Ahead of Liverpool’s second leg trip to the Etihad, Gini Wijnaldum was given his rehearsal in the ‘6’ role. Jack Hallows takes a closer look at how he did. 

There were a number of interesting things about the line-up when Liverpool took the field against Everton at Saturday lunch time but one thing that immediately stood out to me was how deep Gini Wijnaldum was stationed.

It was clear from the offset that while Henderson is Klopp’s preferred option in the ‘6’ role when fit, the Liverpool captain was given far more license to roam and get forward alongside countryman James Milner while Wijnaldum was tasked with the screening job.

This is likely as a result of Henderson being suspended for Tuesday’s coming game and the other obvious option in the squad – Emre Can – set to also miss the fixture with injury.

So how did he get on?

From an initial glance, Wijnaldum actually put in a very good shift in the deeper role.

The Dutchman has always possessed impressive physical traits including his ability to shield the ball from attackers along with his recovery speed when he gets going and both were on display against the Toffees.

Wijnaldum’s use of the ball was perhaps the most impressive part of his display. His ability to drive forward from deep with far more assurance than Henderson – he completed 3 dribbles, the joint most of any player on the field – meant that the Reds were able to move up the field at a quicker rate than when the captain sits in front of the defence.

According to WhoScored, the Dutchman had the second highest pass accuracy (94%), most passes total (81) and most completed passes (76) of any player on the field with over 50% of those played forwards. This is over double his Premier League average of 36 passes per 90 minutes. WS also awarded him the highest rating of any midfielder to feature in the game (7.2/10).

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Realistically, on the ball, this equates to an impressive performance from Wijnaldum – especially given it was away from home – and showcased what he can do when he manages to get involved in the play.

Slightly worrying was the fact that Wijnaldum did not complete a single tackle during his 90 minutes on the field despite playing in a deeper role. However, a closer look revealed that neither did Lovren or van Dijk, while Milner and Henderson completed 5 between them.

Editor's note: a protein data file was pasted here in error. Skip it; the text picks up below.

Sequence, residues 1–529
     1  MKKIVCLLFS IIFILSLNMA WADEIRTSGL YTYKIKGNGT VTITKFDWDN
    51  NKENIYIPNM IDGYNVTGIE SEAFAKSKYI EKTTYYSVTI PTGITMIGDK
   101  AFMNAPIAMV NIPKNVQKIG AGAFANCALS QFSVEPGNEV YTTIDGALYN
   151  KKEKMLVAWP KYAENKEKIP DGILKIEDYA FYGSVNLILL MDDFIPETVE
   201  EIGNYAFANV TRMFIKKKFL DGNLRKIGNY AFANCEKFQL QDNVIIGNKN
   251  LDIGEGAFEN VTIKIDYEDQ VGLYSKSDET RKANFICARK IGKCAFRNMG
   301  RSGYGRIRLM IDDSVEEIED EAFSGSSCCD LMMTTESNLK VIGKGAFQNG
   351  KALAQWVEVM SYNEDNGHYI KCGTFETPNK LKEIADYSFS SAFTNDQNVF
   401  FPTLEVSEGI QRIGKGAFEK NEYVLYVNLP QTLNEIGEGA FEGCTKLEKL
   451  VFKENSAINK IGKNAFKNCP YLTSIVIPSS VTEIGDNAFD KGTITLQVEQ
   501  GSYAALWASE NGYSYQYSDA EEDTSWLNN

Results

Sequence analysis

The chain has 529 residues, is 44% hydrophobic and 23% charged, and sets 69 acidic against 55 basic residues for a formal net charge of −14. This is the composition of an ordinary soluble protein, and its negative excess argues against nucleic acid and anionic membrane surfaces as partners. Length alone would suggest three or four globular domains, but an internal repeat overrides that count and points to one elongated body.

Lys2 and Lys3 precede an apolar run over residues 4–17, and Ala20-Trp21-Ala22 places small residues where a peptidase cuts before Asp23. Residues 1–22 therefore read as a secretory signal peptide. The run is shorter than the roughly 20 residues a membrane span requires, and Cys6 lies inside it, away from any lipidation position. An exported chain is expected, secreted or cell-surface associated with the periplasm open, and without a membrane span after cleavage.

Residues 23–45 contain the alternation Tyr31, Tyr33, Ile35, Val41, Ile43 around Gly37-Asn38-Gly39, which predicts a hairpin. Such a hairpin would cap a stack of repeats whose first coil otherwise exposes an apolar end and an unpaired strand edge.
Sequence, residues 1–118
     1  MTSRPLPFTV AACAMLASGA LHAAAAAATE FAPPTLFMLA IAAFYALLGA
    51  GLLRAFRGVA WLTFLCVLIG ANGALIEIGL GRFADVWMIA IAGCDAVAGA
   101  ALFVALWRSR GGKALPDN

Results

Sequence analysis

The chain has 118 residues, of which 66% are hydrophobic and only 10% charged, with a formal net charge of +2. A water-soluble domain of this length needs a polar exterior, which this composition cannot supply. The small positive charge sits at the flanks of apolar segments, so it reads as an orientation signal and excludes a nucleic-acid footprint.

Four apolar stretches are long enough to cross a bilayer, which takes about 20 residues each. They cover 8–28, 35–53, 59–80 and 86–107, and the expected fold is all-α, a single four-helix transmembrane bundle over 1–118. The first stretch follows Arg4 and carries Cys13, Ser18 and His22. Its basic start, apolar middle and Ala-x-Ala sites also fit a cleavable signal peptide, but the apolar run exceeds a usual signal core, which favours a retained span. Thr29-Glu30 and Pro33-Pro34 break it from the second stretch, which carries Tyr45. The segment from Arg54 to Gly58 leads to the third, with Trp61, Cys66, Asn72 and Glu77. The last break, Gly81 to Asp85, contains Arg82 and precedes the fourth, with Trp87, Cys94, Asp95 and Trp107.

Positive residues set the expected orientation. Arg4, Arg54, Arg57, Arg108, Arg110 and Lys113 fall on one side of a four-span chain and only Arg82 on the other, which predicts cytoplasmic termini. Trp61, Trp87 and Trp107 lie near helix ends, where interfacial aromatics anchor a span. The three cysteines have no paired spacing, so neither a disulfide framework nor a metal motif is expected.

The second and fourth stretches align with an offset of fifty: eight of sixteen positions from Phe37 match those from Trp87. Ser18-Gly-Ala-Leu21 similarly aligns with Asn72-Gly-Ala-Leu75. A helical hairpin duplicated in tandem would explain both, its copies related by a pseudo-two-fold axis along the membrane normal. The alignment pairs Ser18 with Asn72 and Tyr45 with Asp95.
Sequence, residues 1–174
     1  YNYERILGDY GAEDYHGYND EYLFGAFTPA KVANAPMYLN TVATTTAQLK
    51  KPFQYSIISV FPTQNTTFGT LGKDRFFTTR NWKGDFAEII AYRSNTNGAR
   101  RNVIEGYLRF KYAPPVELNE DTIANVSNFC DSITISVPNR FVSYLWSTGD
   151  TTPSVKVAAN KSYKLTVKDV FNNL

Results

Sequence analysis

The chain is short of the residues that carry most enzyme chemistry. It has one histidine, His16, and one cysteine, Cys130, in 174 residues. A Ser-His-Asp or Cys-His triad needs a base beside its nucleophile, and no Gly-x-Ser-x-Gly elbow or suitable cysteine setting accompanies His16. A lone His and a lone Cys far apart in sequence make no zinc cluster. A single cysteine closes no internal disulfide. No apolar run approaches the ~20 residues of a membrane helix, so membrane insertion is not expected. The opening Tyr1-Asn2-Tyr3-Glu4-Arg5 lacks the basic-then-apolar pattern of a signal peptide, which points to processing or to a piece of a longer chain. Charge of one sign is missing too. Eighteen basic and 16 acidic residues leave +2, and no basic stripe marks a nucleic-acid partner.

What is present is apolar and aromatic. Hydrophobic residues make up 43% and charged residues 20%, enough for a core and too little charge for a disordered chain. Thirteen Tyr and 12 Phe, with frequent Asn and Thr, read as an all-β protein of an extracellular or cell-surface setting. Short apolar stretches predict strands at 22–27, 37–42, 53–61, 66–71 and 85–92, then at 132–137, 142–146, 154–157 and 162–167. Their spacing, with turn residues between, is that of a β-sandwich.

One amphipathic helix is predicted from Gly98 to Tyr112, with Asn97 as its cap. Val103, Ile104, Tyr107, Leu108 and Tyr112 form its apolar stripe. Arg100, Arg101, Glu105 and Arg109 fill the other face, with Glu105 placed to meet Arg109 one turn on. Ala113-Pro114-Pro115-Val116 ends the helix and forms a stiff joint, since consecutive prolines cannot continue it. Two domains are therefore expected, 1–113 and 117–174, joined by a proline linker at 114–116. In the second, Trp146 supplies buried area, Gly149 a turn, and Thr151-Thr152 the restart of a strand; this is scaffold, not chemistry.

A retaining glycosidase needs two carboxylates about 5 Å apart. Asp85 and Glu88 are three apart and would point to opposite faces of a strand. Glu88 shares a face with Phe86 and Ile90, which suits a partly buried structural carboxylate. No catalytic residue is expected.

The ‘tackle pitch map’ also shows evidence that the Reds weren’t forced to make too many challenges in deeper positions, preferring to try and win the ball back in the midfield or wide areas instead.

Running right to left, the tackle map shows where Liverpool's tackles were made
LFC’s tackle pitch map against Everton – most tackles are made in the midfield or wide areas of the pitch.

Wijnaldum did however manage to make two interceptions – the joint second most of any player on the field and only behind Ings for the Reds – while also leaving the field as the only Liverpool midfield player to win an aerial duel.

Moving onto Tuesday

While Wijnaldum the deep-lying midfielder was a success at Goodison, it must be stressed that Manchester City are going to provide a far tougher challenge for the Dutchman.

While his recent outing bodes well for the Reds – and he’ll likely have the industrious and energetic pairing of Milner and Oxlade-Chamberlain alongside him to help out – Wijnaldum certainly has areas of his game he’ll have to iron out.

One lapse of concentration in the first half saw the former Newcastle man dawdle on the ball in the centre of the field and while he managed to dribble his way to safety, Manchester City’s midfielders will not be so forgiving in their pressing.

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A quick glance at Wijnaldum’s heat-map against Everton in comparison to that of Henderson against City last week also reveals that while the Dutchman was fielded in the deepest role of Liverpool’s midfield trio, he took up a far more advanced position than Henderson recently did against the Premier League champions elect.

The first image below shows that Henderson spent much of his time camped outside the Reds’ own box – an image largely skewed by our shut up shop approach to the second half in fairness – while the second shows that against Everton Wijnaldum was able to predominantly patrol the centre circle.

Jordan Henderson's heat map against Manchester City at Anfield
Jordan Henderson’s heat map against Manchester City at Anfield
Gini Wijnaldum's heat map against Everton at Goodison Park
Gini Wijnaldum’s heat map against Everton at Goodison Park

Lose the ball in the areas he’ll likely be patrolling on Tuesday and the Reds will have far less time to make a recovery.

I wouldn’t say I’m worried about Wijnaldum playing in the screening role for 90 minutes at the Etihad on Tuesday, especially if Klopp sets the team up in a manner as spot on as he did for the first leg but it’ll certainly be a test unlike any the Dutchman has probably ever faced before in his footballing career. Let’s hope he’s able to rise to the occasion.

1 COMMENT

  1. Sorry Jack Hallows, I feel you have been way too lenient on Wijnaldum. He is just not good enough to play for LFC. Whatever the stats against Everton – and, as usual, most of his passes were backwards – he has not progressed as a player this season. If we rely on him as a screening midfielder, we are in trouble – wouldn’t say the same about Kante, Matic etc. Which top 8 team would he get into? Good in the air? Remember Watford’s equalising goal when we were 3-2 up. Stats for assists/goals this season – negligible. We need better quality

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